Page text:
How It Set The Tone: The first of Tom Clancy's best-selling techno-thriller novels adapted for the big screen, introducing CIA analyst Jack Ryan (Baldwin) as a man of thought forced to become a man of action. Tautly directed by McTiernan (Die Hard), with a solid supporting cast and a plot that's just confusing enough to get your mind working. The special effects (i.e., anything set underwater) look a bit chintzy by today's CGI-heavy standards, but it's the character interactions that pack the movie's biggest punch.

Room For Improvement: Not much. It won't alter your life in any significant way, but if you like your action movies done with style and brains, it's a great way to spend a couple of hours.

Grade: B+

Sequel: Patriot Games (Philip Noyce, 1992)

Returning Cast: James Earl Jones

New Cast: Harrison Ford, Anne Archer, Patrick Bergin, Sean Bean, Thora Birch, Richard Harris, Samuel L. Jackson, James Fox, Polly Walker, J.E. Freeman

: A CIA analyst on vacation with his family in London inadvertently prevents a terrorist attack, and is targeted by a renegade faction of the IRA bent on revenge.

How It Compares: It's OK. Ford slips into the role of Jack Ryan with relative ease, but the plot goes light on the techno-thrills and military espionage that Clancy enthusiasts have come to expect. (The novel was actually written as a prequel to The Hunt For Red October but the action of the film takes place sometime afterward.) You really feel its family-in-jeopardy scenario in your guts, but the action is nothing you haven't seen before: fist fights, boat chases, and heroes and villains firing semi-automatic weapons at each other in the dark.

Grade: C+

Sequel: Clear And Present Danger (Philip Noyce, 1994)

Returning Cast: Harrison Ford, Anne Archer, James Earl Jones, Thora Birch

New Cast: Willem Dafoe, Joaquim de Almeida, Henry Czerny, Harris Yulin, Donald Moffat, Miguel Sandoval, Benjamin Bratt, Raymond Cruz, Ann Magnuson, Tim Grimm, Belita Moreno

Plot: CIA analyst Jack Ryan is appointed Deputy Director of Intelligence in his mentor's absence, and finds himself caught in the middle of an ongoing illegal drug war between the US government and Colombian cartels.

How It Compares: A welcome return to the head-scratching techno-jargon and political intrigue that made Jack Ryan such a household name. Ford settles into what might well have been his most iconic role since Indiana Jones. And director Philip Noyce impresses with some crackerjack action sequences, including a high-stakes ambush on an American Caravan in Bogota, and a cat-and-mouse game of one-upmanship between dueling computers. The complex plot mechanics, on the other hand, deserve a much better climax than two men duking it out in the basement of some random drug czar's mansion.

Grade: B

Sequel: The Sum Of All Fears (Phil Alden Robinson, 2002)

Returning Cast: 
Sven-Ole Thorsen (different role)

New Cast: Ben Affleck, Morgan Freeman, Liev Schreiber, Bridget Moynahan, James Cromwell, Ciarán Hinds, Colm Feore, Alan Bates, Ron Rifkin, Bruce McGill, Phillip Baker Hall, Michael Byrne, Josef Summer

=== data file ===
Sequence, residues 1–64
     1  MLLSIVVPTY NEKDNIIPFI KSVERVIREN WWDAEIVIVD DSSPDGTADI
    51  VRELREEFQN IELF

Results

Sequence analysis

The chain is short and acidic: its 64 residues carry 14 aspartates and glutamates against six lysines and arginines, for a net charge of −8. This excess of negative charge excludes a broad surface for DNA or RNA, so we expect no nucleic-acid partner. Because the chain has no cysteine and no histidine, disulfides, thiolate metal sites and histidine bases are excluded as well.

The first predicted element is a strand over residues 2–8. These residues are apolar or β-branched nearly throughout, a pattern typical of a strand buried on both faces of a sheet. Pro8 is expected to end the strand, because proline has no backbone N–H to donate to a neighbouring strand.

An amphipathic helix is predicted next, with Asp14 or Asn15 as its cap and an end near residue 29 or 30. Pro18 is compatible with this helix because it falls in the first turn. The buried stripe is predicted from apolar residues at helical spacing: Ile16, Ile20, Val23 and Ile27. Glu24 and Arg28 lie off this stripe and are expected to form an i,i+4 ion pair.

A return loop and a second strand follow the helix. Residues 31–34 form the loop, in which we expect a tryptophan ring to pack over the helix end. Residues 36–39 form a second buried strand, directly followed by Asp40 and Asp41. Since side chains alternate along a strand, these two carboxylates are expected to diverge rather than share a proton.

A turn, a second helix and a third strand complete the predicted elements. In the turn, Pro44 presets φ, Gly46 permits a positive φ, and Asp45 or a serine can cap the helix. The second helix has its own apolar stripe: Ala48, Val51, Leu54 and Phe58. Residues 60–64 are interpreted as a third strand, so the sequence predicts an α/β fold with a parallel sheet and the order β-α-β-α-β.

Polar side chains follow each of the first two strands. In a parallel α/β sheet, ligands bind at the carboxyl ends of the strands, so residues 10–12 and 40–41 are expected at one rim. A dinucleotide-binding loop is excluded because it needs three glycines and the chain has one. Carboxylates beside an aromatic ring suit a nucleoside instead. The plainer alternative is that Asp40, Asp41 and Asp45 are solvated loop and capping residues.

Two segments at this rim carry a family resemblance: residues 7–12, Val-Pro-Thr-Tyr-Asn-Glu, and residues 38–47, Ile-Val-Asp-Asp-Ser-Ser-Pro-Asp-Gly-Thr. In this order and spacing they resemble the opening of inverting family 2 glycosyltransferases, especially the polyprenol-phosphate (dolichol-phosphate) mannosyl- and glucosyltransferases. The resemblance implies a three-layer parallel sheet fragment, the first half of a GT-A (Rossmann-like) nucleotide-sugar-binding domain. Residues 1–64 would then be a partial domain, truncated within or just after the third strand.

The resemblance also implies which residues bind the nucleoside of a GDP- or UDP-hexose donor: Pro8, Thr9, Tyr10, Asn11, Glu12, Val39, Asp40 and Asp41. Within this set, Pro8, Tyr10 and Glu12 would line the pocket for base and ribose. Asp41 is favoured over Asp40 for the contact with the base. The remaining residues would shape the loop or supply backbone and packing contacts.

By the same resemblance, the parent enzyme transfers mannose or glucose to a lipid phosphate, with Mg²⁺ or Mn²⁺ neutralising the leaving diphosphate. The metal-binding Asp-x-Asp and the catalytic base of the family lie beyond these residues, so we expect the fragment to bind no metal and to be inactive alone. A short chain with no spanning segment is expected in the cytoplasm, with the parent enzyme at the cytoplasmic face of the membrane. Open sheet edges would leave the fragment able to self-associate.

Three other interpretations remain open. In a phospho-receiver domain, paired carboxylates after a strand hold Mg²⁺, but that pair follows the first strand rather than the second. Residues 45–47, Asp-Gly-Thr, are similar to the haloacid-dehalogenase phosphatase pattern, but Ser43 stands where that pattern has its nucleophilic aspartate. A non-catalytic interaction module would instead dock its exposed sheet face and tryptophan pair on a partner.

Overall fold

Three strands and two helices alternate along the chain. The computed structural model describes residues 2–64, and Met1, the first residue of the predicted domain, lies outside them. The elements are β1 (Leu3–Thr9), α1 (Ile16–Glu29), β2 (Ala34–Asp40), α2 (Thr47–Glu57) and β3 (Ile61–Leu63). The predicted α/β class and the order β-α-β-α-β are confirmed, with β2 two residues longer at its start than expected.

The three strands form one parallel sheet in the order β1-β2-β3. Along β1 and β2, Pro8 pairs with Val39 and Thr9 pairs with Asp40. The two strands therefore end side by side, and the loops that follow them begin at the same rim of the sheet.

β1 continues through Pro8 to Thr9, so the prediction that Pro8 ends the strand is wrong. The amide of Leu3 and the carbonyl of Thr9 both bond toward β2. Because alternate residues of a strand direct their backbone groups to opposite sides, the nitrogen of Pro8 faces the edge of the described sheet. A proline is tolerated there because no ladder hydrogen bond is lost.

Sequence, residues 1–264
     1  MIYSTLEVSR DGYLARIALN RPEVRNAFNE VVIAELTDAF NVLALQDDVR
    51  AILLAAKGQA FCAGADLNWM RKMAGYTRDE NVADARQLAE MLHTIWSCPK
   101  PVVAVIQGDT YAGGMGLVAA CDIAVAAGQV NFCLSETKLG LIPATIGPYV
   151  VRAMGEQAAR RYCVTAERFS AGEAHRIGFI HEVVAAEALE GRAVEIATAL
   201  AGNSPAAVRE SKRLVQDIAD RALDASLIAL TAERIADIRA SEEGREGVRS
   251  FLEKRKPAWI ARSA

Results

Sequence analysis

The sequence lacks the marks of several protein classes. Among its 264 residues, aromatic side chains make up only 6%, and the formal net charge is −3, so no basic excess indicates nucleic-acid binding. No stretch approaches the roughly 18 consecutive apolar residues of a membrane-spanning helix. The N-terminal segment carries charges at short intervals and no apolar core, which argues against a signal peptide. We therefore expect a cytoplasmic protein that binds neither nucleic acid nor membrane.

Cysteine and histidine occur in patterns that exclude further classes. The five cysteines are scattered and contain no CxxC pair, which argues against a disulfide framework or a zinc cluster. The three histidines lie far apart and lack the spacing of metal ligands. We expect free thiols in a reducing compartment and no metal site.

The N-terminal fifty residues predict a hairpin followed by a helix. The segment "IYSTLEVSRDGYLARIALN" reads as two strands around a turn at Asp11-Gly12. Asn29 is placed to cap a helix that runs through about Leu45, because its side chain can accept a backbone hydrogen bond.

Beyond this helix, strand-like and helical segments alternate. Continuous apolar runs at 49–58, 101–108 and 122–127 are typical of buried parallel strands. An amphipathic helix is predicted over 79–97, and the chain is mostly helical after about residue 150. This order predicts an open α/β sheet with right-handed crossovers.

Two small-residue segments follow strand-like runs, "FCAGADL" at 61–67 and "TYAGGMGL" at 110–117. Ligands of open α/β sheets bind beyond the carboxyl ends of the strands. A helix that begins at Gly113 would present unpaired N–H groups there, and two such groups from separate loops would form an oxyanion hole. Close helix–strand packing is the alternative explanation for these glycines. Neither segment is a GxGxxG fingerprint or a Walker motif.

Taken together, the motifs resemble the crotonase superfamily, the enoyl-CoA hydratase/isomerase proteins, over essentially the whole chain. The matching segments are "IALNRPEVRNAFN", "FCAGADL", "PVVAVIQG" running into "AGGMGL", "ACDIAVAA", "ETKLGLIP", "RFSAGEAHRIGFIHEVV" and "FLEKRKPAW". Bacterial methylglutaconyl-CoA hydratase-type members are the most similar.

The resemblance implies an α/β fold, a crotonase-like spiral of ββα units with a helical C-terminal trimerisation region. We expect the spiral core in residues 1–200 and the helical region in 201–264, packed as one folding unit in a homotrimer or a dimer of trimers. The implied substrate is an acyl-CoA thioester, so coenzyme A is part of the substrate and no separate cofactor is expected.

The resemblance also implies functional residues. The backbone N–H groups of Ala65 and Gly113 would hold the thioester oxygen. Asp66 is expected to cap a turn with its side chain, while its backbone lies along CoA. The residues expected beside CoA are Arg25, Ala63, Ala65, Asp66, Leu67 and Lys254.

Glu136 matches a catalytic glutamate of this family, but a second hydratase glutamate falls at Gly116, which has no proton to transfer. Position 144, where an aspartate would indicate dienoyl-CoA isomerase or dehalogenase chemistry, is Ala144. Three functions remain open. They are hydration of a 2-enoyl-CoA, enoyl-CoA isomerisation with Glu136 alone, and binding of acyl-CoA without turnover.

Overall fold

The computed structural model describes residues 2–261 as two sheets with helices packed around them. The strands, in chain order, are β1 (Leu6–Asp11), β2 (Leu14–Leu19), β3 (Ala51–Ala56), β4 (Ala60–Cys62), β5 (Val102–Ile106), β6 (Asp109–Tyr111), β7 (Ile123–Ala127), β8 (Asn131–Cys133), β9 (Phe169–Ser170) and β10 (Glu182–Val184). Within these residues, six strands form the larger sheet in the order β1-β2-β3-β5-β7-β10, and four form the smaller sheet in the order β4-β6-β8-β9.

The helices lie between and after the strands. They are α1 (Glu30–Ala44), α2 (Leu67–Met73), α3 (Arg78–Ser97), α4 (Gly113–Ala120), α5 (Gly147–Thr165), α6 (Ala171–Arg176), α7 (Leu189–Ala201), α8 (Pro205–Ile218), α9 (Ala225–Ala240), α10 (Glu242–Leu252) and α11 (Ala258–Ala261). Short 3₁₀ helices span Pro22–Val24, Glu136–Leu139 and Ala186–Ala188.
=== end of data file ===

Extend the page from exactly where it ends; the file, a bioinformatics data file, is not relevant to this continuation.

Plot: Rookie CIA agent Jack Ryan is tasked to prevent a fascist terrorist group from sparking a nuclear war between Russian and the United States

How It Compares: One thing's for sure, Jack Ryan sure likes them Russians. As he did in The Hunt For Red October, everyone's favorite CIA analyst challenges his superiors by defending a Russian official who may or may not share the political views of his predecessors. A "reboot" of the franchise (Freeman's part is a rejiggering of the James Earl Jones/mentor role from previous entries), with Affleck OK as a stand-in for Alec Baldwin and Harrison Ford, at the beginning of his burgeoning CIA career. As popcorn thrillers go, it isn't bad, with at least one game-changing twist (hint: it goes BOOM!!!) and a post-climactic wrap-up that copies the baptism sequence from The Godfather.

Grade: B-

Sequel: Jack Ryan: Shadow Recruit (Kenneth Branagh, 2014)

Returning Cast: Colm Feore (different role)

New Cast: Chris Pine, Kevin Costner, Kenneth Branagh, Keira Knightley, Alec Utgoff, David Paymer, Mikhail Baryshnikov (uncredited)

The Plot: A US Marine is recruited as a covert CIA analyst and sent on a mission to Moscow to investigate an imminent terrorist attack.

How It Compares: And so Tom Clancy's titular hero gets rebooted a second time, as if the 12-year gap between prequels was enough to convince anybody that we actually needed another one. Chris Pine is perfectly acceptable in the part, although here he's more a man of action than a man of thought, which is not how Ryan was presented in the books; any attempt to associate the character with the attacks on 9/11 is appreciated but utterly beside the point. (The bulk of the plot takes place in modern-day Moscow anyway, so why not set it during the 80s and make thematic reference to the War on Terror instead?) Kenneth Branagh's direction is serviceable at best, as his Boris Badenov-ish Russian accent (I had a hard time, too, accepting the otherwise effervescent Keira Knightley as an American). It's Kevin Costner, though, who comes off best, his current streak of shadowy mentor figures (see also Man Of Steel) suiting him like a warm blanket.

Grade: C

More To Come?: At the moment, no. Shadow Recruit's less-than-stellar $135.6 million gross at the worldwide box office practically rung the death knell for further Jack Ryan adventures. Which is a shame, since the character had yet to achieve his full potential on the big screen.


Simple enough, yes? Like I said, this is a long- winded intro to what will hopefully be a fun series for all. We'll re-visit fan-favorite franchises from Star Trek to Star Wars, Back To The Future to The Matrix, and others too – almost too many to count (Hollywood, it seems, can always be counted on for recycling old ideas). Feel free to share any of your own thoughts below, as well as any titles you'd like to see us cover in the future. Until then...